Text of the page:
Jasper Pyramid Lake
Photo by Charlie Gallant on Unsplash

Take the 3.4 km Patricia Lake North Loop if you want an easy hike; part of the trail follows along the coastline.

Patricia Lake is not only lovely, but it also has a fascinating past. An unsinkable aircraft carrier prototype was created here during World War II. Pykrete, a combination of ice and wood pulp, was used to make it. The ship was left to scuttle in situ once the project was abandoned. In the 1970s, the model’s remnants were discovered.

A little further up the road from Patricia Lake is Pyramid Lake. Walking on Pyramid Island is one of the highlights of a trip to Pyramid Lake.

If you didn’t pack a lunch, you can stop by the Pyramid Lake Resort for a bite to eat. From every seat in the house, you can enjoy a stunning view of Pyramid Lake.

Pyramid Island is a great spot for a picnic as well. There is plenty of time for taking in the views because Pyramid Island is so small and can be explored in a short amount of time.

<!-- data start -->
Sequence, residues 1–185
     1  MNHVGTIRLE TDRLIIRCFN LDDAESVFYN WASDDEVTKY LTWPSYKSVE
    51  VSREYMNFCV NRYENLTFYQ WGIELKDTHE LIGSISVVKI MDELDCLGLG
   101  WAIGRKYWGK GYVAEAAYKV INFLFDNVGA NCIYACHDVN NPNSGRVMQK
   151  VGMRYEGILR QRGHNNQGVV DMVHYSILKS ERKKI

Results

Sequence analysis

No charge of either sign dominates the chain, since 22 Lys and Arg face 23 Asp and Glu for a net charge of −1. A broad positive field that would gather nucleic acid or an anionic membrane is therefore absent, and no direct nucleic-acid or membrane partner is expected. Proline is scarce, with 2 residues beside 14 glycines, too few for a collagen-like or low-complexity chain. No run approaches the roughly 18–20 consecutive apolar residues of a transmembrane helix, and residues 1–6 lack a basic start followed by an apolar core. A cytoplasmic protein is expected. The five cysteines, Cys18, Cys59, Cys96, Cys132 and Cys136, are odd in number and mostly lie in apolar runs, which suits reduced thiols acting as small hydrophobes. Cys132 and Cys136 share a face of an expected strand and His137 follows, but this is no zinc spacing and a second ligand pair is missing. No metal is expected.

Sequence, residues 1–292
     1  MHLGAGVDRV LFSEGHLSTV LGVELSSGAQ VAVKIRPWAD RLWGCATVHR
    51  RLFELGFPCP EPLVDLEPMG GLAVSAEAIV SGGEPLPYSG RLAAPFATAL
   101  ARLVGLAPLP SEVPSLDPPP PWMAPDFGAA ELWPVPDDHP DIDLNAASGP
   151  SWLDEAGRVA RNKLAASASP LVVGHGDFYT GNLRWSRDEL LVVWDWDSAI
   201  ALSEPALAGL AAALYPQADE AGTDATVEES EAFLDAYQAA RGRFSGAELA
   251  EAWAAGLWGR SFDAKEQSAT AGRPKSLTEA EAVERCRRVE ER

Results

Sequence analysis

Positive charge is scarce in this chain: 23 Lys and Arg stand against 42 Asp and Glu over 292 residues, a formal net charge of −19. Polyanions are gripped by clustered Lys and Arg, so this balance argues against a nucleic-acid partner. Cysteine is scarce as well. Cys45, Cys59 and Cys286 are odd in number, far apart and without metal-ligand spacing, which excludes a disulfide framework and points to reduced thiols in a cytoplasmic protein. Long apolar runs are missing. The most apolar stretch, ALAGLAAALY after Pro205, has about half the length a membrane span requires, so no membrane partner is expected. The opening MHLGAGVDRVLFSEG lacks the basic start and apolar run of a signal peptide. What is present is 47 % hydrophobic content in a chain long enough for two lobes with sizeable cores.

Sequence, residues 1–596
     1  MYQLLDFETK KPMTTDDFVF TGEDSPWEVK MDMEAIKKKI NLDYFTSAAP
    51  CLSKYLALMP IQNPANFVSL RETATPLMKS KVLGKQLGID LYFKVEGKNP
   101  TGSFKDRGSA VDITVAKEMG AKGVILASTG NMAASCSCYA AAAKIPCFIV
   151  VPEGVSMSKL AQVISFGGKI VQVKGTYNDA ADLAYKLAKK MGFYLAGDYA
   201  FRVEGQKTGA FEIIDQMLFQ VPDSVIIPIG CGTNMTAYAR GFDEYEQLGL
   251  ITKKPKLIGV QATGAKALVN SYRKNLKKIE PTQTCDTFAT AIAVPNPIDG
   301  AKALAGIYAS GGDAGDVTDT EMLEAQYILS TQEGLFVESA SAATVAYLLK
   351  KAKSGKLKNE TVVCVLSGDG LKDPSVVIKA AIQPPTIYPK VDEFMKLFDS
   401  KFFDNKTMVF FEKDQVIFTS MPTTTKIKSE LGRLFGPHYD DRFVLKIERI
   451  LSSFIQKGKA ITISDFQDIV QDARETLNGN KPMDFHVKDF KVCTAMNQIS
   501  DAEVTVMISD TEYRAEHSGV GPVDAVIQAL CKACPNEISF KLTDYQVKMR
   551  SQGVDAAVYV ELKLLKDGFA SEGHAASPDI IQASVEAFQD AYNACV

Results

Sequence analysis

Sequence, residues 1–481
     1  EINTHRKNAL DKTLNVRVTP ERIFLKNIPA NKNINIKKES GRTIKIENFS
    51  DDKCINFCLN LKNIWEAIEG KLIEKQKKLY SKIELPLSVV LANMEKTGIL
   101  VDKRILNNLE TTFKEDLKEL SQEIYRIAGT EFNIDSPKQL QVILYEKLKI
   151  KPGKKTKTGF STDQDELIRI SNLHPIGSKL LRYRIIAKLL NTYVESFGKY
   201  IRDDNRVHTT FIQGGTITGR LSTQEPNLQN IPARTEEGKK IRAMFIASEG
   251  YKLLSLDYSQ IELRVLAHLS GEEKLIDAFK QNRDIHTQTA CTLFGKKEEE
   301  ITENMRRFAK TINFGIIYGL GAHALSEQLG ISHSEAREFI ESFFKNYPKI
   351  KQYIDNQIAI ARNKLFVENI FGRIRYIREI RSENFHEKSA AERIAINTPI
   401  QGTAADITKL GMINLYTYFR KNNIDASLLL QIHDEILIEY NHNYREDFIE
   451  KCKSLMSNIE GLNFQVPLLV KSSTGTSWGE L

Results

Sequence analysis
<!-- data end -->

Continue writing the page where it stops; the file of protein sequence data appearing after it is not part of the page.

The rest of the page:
Nearby mountain biking and hiking trails are plentiful. Pyramid Lake also features a sandy beach and picnic areas along the coast. Kayak, canoe and paddleboat rentals are available at Pyramid Lake Resort. Cross-country ski tracks and a sizable skating rink have been plowed into Pyramid Lake in the winter.

10. Ski or Snowboard at Marmot Basin and Cross-Country Ski through Jasper National Park

10.1. Ski or Snowboard at Marmot Basin

Look no further than Marmot Basin if you’ve always wanted to go skiing in the Rocky Mountains. Marmot Basin has the greatest base elevation of any ski resort in Canada, at 1,698 metres, which produces a lot of new, fluffy snow. It is the ideal choice for a day vacation because it is only a short drive from town.